Local history isn’t just for history majors. John Harner, professor of geography and environmental studies at the University of Colorado Colorado Springs, spent four days each week of his spring semester sabbatical buried in the archives at the Colorado Springs Pioneers Museum. Harner was researching an idea for a future book, a common activity for faculty members on sabbaticals.
But what happened to Harner was anything but commonplace. Instead of focusing on his own needs, Harner found himself collaborating with museum staff to bring geography and history together to tell the story of Colorado Springs, past, present and future.
“The historians are often all about the stories – this person did these things during these years,” Harner said. “That’s great. But there needs to be a context – maps and photos – that show the city’s expansion and the societal forces that shaped it.”
Harner hopes to someday produce a book on the historical geography of Colorado Springs. As a result of his time at the museum, Harner found himself working side-by-side with historians to tell the Colorado Springs story, participating in a fundraising video and in projects that will be unveiled next year. He will present preliminary findings from his research at the museum’s monthly lecture series Nov. 10.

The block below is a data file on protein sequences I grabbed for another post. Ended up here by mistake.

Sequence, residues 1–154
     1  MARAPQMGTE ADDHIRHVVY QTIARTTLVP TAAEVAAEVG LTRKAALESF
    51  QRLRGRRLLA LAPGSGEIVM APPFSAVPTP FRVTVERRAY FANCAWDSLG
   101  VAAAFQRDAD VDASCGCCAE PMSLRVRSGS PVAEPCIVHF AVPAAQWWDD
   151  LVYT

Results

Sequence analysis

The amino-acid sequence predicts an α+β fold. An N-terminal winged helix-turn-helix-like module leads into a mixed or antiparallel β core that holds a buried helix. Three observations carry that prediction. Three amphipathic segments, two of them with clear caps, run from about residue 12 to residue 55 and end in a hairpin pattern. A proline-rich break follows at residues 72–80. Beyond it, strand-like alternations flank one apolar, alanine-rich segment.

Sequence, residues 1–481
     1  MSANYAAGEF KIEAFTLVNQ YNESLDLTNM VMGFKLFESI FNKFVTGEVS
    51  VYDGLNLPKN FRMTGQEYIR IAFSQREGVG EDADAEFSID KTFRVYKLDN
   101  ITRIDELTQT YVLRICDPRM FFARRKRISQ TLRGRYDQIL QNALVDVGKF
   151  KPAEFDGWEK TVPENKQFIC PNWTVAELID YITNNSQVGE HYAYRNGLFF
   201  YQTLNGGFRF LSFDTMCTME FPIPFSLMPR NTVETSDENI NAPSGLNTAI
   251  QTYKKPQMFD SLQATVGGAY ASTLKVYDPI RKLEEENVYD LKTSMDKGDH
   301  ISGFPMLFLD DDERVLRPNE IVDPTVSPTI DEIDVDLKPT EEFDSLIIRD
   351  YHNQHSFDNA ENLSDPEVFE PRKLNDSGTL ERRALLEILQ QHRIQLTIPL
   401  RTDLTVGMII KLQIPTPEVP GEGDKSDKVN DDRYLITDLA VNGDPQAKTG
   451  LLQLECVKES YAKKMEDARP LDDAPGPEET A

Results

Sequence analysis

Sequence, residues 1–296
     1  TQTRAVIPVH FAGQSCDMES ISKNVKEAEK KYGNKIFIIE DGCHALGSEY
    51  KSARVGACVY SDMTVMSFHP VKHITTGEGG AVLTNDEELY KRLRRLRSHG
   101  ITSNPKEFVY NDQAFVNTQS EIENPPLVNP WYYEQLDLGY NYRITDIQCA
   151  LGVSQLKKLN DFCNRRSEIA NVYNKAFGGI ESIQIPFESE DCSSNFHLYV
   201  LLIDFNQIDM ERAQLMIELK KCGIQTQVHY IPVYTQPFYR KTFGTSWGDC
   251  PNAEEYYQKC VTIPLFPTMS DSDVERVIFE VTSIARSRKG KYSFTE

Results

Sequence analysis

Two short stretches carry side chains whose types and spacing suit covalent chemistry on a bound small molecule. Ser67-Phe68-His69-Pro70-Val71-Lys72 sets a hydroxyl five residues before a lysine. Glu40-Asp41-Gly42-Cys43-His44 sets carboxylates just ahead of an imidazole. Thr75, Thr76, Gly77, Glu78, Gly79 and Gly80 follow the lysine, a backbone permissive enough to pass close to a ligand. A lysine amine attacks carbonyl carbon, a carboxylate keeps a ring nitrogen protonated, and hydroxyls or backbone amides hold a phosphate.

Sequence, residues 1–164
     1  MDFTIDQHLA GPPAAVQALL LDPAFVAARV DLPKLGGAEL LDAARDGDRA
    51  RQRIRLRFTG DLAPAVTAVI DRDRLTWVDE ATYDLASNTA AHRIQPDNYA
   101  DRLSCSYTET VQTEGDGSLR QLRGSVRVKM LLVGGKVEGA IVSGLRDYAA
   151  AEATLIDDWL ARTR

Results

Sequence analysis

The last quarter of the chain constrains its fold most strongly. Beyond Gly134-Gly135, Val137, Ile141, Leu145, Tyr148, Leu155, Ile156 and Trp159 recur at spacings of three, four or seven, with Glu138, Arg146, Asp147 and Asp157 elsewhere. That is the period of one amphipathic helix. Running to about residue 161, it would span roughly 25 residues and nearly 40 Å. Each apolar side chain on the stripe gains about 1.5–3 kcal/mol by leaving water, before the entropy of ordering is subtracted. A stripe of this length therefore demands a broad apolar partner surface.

Harner will help the Pioneers Museum create maps to accompany an upcoming exhibit “The Story of Us.” He also helped museum staff with a current exhibit about early African American residents in Colorado Springs. And for his part in a fundraising video, Harner laughs about his acting debut.
“I was there working and they grabbed me and put me in front of the camera,” Harner said. “It wasn’t exactly well rehearsed but it was a good UCCS promo.”
Museum archivist Leah Davis Witherow, who earned a master’s in history from UCCS in 1997, as well as museum director Matt Mayberry, a UCCS master’s in history graduate from 1996, both teach and guest lecture at UCCS. Harner hopes to build on his new relationship by taking students in his urban geography and cultural landscape courses to work on projects in the museum archives, possibly leading to student research projects and sparking an interest in the common ground of geographers and historians.
“Collaboration is good,” Harner said recently. “I’m glad that I can help. The missions of these two institutions are intertwined in that both help create community.”